Home Top Weekly Reads Top News this Week (19 June)

Top News this Week (19 June)

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Rounding up top investing articles from around the web, including articles shared in our Facebook Group and Reddit Community: r/SingaporeInvestments.


Fed makes biggest rate hike since 1994 to tame surging inflation (Straits Times)

“Clearly, today’s 75-basis point increase is an unusually large one and I do not expect moves of this size to be common,” Mr Powell told a post-meeting press conference. 

The Fed’s hawkish commitment to controlling inflation has already touched off a broad tightening of credit conditions being felt in US housing and stock markets, and is likely to slow demand throughout the economy – the Fed’s intent.

“Our objective really is to bring inflation down to 2 per cent while the labour market remains strong… What is becoming more clear is that many factors that we don’t control are going to play a very significant role in deciding whether that is possible or not,” Mr Powell said, citing the war in Ukraine and global supply concerns.

“There is a path for us to get there… It is not getting easier. It is getting more challenging,” he told reporters, noting that the rate hikes announced last month and in March so far had not only failed to slow inflation, but also allowed it to continue accelerating to a level that recent data indicated had begun to influence public attitudes in a way that could make the Fed’s job even harder.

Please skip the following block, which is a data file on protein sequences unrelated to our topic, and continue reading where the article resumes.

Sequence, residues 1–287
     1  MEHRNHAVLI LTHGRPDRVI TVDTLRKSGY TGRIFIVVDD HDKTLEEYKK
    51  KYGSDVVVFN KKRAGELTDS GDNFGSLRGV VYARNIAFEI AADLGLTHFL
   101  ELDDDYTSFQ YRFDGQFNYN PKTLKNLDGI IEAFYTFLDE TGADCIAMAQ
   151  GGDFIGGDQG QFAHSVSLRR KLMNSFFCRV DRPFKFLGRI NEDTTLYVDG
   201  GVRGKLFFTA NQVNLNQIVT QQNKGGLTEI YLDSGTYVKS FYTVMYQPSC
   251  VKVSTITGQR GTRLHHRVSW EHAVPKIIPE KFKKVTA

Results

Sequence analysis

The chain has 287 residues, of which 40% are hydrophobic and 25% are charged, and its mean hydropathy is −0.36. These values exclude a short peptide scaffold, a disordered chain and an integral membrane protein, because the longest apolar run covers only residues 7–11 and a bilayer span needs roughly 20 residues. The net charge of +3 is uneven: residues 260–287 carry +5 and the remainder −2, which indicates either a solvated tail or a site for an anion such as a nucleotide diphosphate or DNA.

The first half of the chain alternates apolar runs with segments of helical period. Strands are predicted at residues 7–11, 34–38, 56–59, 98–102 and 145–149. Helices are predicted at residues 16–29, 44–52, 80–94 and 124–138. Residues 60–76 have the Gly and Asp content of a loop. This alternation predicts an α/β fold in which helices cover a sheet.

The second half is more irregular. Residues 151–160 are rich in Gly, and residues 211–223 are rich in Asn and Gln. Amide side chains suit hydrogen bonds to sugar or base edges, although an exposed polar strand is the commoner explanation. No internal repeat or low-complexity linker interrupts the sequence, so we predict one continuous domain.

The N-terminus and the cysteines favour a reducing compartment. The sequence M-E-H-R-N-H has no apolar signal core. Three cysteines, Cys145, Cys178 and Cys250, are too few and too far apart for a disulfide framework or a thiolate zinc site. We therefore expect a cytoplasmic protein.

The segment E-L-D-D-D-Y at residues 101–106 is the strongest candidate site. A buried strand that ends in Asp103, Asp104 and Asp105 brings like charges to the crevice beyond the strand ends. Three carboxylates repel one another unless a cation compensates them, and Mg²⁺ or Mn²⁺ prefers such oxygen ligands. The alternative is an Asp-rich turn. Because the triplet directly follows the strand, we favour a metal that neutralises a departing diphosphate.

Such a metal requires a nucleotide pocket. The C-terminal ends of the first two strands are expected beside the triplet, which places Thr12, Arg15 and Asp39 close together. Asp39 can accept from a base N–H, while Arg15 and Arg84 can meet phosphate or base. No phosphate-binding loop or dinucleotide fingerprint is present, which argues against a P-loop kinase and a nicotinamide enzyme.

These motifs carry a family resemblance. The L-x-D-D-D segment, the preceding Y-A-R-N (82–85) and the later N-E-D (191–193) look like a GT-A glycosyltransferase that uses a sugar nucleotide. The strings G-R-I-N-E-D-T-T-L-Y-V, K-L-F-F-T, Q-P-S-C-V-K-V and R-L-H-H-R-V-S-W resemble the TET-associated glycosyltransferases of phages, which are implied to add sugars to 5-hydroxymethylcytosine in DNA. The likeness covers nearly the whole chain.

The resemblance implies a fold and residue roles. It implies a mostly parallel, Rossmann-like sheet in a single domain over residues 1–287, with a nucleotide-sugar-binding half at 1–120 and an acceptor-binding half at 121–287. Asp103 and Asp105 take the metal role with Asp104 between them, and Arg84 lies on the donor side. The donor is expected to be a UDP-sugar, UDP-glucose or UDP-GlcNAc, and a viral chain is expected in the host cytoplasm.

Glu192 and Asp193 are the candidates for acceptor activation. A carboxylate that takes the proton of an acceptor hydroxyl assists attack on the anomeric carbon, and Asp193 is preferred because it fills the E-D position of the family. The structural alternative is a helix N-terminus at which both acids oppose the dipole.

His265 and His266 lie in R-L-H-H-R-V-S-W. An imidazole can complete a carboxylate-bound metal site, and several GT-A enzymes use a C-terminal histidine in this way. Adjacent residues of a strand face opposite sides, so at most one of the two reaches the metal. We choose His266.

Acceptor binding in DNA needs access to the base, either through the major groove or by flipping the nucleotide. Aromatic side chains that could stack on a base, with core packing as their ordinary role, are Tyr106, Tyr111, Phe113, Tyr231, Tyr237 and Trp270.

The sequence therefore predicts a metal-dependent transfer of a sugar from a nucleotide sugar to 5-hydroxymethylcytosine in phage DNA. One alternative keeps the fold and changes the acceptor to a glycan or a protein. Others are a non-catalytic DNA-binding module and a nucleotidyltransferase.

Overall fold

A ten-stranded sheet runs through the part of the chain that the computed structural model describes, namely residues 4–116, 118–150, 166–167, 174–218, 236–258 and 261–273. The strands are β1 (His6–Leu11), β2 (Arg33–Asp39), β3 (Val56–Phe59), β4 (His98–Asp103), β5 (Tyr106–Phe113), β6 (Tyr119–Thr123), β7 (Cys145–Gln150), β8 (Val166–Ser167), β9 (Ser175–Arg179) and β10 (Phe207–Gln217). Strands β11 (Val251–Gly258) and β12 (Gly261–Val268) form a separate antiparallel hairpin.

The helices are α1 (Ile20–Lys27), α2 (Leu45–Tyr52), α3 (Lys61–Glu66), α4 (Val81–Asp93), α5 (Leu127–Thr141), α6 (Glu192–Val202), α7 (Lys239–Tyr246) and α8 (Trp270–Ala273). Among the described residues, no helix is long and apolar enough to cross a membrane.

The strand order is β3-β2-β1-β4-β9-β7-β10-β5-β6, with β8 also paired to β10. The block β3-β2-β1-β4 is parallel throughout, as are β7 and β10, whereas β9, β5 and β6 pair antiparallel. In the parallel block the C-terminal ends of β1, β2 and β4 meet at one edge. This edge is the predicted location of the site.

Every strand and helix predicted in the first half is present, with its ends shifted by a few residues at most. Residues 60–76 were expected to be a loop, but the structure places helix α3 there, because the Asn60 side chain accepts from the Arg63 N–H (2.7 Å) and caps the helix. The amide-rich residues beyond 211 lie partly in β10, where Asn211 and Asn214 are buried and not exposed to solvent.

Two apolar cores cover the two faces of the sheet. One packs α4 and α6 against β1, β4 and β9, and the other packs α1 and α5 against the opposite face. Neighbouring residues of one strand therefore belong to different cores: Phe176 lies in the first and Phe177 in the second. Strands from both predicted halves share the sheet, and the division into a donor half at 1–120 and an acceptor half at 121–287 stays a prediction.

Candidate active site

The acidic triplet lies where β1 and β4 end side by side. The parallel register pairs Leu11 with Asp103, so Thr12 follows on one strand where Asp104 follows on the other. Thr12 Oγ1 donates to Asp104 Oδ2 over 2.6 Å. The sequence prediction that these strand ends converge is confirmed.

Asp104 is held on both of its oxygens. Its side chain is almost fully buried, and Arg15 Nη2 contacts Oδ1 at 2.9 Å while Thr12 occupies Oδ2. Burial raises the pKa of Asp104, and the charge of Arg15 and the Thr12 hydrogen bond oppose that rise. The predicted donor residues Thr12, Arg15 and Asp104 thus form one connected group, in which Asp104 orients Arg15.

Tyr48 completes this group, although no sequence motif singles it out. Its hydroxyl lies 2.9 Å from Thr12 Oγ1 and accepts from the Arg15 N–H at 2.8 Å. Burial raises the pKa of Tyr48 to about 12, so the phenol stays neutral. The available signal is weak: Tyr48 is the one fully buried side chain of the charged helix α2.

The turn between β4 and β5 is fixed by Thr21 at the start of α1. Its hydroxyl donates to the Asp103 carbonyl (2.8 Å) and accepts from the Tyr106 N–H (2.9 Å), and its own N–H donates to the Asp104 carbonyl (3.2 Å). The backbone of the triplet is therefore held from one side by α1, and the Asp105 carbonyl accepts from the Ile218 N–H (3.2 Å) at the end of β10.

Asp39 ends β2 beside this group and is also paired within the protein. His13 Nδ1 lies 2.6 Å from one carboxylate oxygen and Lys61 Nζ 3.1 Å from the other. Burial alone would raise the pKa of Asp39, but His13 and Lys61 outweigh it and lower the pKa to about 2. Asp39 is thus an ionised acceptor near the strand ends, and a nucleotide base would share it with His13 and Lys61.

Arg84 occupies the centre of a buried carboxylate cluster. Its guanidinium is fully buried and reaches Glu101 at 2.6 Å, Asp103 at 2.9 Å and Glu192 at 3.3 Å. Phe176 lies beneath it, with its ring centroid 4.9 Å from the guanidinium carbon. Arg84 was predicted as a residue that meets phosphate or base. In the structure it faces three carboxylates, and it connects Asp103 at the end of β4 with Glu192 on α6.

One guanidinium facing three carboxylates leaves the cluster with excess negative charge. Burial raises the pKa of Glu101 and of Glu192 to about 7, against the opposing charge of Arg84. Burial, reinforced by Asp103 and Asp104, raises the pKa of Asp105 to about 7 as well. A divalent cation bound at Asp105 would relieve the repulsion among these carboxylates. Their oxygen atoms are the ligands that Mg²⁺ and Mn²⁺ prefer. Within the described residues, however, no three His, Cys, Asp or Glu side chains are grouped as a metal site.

A day after Powell’s assurances about the economy, markets are worried that ‘the Fed breaks something’ (CNBC)

  • Federal Reserve Chairman Jerome Powell insisted Wednesday that the central bank is not deliberately trying to cause a recession and that the economy is on solid footing.
  • “With all due respect to that comment, it’s just not consistent with the data on the ground,” said RBC economist Tom Porcelli.
  • In the aftermath of Wednesday’s decision to raise benchmark interest rates 75 basis points, Wall Street reaction coalesced around a few common themes.

China stocks lead gains in Asia-Pacific following release of better-than-expected Chinese economic data (CNBC)

  • Shares in China led gains regionally in mixed Asia-Pacific trading on Wednesday.
  • China’s retail sales in May fell 6.7% year-on-year, better than the expected 7.1% fall predicted by analysts in a Reuters poll.
  • The benchmark 10-year Treasury yield last stood at 3.429% — down from 3.48%, an 11-year high it reached on Tuesday. The 2-year rate was at 3.37%.

Some Ang Mo Kio residents dismayed by top-up for similar-sized Sers replacement units; HDB exploring options (Straits Times)